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Research at Cornell University to Help Reduce Weeds on Farms and Pests in Residential Apartments

Ithaca, N.Y. – U.S. Senators Charles E. Schumer and Kirsten Gillibrand today announced $1,493,798 in new federal funding for Cornell University. The funding was allocated through the U.S. Department of Agriculture’s (USDA) National Institute of Food and Agriculture’s (NIFA) Crop Protection and Pest Management Program (CPPM) and Integrated Pest Management (IPM) program. Cornell University will use the funding to advance four projects in three NIFA research areas to help reduce weeds on farms and pests in residential apartments.

“Protecting New York's farms and surrounding communities from pests and invasive species is a challenge that requires the full arsenal of scientific research, community education and federal funding. That is why the research conducted at Cornell University aimed at rooting out these pests is so important,” said Senator Schumer. “This significant federal funding will allow Cornell University, already a world leader in crop protection research, to go the extra mile in protecting New York's farms and residential communities.”

“This federal funding will help expand the vitally important crop protection and pest management programs at Cornell University,” said Senator Gillibrand, the first New York Senator to serve on the Senate Agriculture Committee in nearly 40 years. “Cornell University is already at the forefront of our nation’s agriculture research, and these federal funds will help them work even more efficiently and effectively to keep our food supply healthy and affordable housing communities safe.”                          

“The federal funding secured by Senators Schumer and Gillibrand allows Cornell’s College of Agriculture and Life Sciences to continue vital work that serves the people of New York state and the nation,” said Kathryn, J. Boor, the Ronald P. Lynch Dean of the College of Agriculture and Life Sciences. “We are proud to be able to contribute to the overall mission of the National Plant Diagnostic Network and implement integrated pest management in affordable housing across the U.S. thanks to this show of support.”

Through NIFA’s Applied Research and Development Program Area (ARDP), Cornell University will receive $324,856 to develop new practical sampling protocol to combat the defoliation of beets and $189,273 to develop an integrated management package to combat fungus causing premature leaf senescence in onion crops.

Through NIFA’s Promoting Integrated Pest Management (IPM) in Affordable Housing program, Cornell University will receive $363,636 to work in collaboration with the Northeastern IPM Center (NEIPMC) which operates in conjunction with the U.S. Department of Housing and Urban Development (HUD) and U.S. Department of Agriculture to deliver approximately 88 trainings in 50 affordable housing properties over the next four years to determine long-term, cost-effective solutions with minimal impact on human health and the environment for pest control.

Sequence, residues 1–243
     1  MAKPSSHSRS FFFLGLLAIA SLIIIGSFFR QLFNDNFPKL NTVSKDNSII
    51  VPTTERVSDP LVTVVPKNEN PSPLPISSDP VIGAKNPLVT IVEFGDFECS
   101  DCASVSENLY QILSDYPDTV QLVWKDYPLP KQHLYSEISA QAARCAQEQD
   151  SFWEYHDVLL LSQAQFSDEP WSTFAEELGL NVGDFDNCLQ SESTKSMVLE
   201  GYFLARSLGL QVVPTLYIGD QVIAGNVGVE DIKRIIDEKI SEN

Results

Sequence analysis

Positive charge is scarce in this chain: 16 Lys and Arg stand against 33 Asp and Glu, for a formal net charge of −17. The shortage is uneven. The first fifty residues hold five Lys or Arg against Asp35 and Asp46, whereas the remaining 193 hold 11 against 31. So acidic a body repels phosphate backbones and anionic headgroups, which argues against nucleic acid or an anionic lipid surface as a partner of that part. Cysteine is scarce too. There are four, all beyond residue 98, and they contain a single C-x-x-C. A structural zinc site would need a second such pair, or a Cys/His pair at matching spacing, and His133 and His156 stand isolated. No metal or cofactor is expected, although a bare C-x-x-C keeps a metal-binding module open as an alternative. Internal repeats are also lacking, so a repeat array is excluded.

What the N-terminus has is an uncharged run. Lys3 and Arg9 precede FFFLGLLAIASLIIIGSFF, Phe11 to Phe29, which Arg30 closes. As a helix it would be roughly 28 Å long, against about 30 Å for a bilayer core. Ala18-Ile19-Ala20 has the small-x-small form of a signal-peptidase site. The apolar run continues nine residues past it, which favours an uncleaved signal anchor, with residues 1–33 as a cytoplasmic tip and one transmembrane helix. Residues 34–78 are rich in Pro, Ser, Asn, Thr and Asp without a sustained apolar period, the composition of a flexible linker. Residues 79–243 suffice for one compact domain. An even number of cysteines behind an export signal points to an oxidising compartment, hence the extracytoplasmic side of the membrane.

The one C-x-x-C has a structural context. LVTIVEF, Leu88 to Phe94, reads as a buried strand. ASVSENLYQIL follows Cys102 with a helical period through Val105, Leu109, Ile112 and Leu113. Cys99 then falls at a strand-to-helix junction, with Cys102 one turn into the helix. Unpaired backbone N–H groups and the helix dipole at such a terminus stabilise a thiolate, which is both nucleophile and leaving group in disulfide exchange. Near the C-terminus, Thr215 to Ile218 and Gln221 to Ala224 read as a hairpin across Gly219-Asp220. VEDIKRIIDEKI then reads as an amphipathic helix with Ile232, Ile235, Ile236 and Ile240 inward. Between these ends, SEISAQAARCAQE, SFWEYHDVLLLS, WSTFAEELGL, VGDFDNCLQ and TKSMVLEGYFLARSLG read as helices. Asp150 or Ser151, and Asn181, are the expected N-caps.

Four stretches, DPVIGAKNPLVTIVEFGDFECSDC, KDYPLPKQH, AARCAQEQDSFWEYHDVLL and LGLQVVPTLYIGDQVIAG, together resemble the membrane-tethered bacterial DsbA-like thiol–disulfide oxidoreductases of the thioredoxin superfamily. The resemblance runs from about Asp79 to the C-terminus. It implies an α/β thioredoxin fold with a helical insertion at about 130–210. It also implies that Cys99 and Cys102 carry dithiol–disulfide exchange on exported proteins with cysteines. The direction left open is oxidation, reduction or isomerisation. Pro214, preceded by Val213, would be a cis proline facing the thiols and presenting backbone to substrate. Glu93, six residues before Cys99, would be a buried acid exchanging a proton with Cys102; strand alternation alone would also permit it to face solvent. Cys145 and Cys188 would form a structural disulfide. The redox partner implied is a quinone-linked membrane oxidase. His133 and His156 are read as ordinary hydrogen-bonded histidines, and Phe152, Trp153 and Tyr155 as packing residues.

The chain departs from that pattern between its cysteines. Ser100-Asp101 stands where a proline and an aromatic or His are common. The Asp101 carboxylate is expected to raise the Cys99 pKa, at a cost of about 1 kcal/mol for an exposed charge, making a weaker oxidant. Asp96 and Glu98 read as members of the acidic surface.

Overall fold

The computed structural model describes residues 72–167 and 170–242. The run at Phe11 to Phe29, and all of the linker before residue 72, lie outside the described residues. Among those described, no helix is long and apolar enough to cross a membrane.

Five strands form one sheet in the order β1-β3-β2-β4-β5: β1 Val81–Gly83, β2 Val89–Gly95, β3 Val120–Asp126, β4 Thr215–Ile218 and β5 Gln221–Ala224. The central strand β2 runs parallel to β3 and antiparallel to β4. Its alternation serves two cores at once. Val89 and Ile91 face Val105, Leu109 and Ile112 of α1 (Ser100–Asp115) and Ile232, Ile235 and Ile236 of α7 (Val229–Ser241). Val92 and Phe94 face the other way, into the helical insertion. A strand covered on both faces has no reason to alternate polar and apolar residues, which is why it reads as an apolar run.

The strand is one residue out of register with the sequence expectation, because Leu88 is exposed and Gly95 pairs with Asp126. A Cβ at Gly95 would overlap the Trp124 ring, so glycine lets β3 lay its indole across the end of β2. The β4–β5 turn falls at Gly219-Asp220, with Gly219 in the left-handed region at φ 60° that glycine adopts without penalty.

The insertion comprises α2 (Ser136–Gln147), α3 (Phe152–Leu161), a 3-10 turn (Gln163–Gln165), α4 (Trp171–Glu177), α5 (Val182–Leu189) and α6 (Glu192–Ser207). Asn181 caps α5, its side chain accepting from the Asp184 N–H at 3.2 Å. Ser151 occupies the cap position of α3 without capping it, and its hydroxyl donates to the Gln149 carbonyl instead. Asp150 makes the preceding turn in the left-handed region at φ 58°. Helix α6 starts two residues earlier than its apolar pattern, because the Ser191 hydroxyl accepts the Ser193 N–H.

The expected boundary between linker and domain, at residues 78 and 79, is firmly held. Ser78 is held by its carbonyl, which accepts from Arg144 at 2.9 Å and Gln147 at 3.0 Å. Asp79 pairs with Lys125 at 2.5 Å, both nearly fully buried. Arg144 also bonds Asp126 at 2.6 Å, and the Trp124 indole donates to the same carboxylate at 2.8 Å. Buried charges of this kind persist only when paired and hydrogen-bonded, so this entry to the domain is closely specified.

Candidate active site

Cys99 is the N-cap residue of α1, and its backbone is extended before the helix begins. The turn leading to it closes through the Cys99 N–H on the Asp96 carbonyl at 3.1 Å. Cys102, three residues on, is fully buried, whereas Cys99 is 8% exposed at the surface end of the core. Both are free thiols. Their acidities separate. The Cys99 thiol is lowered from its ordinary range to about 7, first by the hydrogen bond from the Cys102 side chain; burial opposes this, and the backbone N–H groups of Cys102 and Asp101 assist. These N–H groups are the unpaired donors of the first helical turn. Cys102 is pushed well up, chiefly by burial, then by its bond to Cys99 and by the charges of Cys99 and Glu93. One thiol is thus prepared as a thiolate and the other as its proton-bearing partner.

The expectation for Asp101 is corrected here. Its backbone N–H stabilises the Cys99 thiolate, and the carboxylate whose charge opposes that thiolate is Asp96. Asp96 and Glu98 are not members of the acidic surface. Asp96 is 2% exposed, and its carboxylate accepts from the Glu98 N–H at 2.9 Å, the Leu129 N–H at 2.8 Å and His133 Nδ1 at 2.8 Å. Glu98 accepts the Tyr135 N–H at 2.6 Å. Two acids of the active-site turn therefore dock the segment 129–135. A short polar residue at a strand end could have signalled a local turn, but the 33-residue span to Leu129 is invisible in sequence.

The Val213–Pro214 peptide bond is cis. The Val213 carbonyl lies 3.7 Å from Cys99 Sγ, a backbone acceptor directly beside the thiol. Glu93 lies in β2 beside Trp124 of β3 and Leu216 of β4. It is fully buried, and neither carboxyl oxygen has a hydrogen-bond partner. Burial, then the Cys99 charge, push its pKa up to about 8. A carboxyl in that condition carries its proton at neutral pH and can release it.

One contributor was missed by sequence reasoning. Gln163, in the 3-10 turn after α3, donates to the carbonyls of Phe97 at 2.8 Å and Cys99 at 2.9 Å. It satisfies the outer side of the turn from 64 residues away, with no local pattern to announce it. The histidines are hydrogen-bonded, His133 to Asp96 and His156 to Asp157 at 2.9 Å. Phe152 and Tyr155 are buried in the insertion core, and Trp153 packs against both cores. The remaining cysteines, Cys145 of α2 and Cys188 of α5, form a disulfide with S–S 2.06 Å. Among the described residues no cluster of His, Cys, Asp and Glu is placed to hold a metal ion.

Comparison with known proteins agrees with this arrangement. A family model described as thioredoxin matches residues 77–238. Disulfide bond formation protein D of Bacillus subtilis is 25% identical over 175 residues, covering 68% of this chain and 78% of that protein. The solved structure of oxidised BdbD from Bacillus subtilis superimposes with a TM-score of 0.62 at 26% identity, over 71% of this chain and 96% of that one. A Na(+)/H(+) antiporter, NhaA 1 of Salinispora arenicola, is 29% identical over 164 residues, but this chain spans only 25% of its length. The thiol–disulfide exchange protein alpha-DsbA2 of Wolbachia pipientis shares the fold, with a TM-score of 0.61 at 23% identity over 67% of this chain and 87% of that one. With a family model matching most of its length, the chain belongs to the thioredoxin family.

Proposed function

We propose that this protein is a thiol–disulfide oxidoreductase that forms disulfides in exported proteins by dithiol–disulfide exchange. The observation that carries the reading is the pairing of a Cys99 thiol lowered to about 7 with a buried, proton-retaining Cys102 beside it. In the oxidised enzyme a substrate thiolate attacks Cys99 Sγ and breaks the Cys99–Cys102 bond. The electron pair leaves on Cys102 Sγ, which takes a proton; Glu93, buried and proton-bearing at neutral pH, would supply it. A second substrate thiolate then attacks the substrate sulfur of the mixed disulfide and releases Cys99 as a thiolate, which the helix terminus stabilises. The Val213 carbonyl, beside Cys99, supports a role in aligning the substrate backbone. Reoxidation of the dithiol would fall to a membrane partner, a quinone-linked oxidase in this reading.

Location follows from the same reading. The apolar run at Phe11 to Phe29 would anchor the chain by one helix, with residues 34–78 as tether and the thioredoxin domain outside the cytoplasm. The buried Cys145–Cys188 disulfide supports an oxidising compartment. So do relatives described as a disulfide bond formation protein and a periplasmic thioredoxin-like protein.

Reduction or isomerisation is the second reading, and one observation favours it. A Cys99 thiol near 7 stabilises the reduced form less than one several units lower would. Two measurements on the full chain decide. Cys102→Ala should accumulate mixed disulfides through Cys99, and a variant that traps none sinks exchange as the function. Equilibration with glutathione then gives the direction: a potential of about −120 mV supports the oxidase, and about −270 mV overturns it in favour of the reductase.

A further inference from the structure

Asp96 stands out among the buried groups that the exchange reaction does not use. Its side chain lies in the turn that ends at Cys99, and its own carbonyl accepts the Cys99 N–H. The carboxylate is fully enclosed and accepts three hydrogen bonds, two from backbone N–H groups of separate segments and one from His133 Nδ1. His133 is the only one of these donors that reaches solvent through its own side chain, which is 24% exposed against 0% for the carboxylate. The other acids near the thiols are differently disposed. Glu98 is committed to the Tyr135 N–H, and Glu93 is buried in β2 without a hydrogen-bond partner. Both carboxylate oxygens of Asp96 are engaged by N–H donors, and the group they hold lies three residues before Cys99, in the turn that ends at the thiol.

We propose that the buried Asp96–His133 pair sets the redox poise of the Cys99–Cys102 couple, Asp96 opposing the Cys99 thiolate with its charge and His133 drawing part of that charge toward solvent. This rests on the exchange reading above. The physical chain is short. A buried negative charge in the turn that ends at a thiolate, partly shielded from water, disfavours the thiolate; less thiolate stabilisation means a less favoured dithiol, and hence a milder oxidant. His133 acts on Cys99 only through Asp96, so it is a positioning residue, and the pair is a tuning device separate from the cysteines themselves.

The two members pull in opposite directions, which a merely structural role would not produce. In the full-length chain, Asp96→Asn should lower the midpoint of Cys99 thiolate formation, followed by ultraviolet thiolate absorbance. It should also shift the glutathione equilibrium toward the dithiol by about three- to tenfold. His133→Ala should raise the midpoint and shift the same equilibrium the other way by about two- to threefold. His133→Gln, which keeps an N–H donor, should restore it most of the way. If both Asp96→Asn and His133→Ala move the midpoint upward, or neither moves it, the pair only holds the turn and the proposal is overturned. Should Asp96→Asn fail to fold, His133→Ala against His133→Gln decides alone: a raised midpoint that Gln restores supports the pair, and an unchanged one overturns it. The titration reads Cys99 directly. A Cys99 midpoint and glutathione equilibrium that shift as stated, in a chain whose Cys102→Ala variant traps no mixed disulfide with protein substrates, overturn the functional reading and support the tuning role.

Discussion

Through NIFA’s National Plant Diagnostic Network, Cornell University will receive $616,033 to facilitate safeguards to protect U.S. agricultural crops and natural plant resources against introduced and endemic pathogens and pests in collaboration with the American Public Gardens Association and the Sentinel Plan Network. Funding will go towards training diagnosticians and identifying plant pests and pathogens.

NIFA invests in and advances innovative research, education, and extension to solve societal challenges and ensure the long-term viability of agriculture. NIFA supports research and discoveries that are combating childhood obesity, improving and sustaining rural economic growth, addressing water availability issues, increasing food production, finding new sources of energy, mitigating climate variability and ensuring food safety. Specifically, the Applied Research and Development Program Area (ARDP), which invests in high priority pest management projects that encourage adoption and implementation of new IPM technologies. The Promoting IPM in Affordable Housing grant provides IPM technical assistance services and training sessions to public housing authorities and other housing providers. The National Plant Diagnostic Network (NPDN) is a nationwide group of diagnostic laboratories that collaborate on early detection, identification and reporting of plant disease pathogens, especially those that may be biosecurity risks.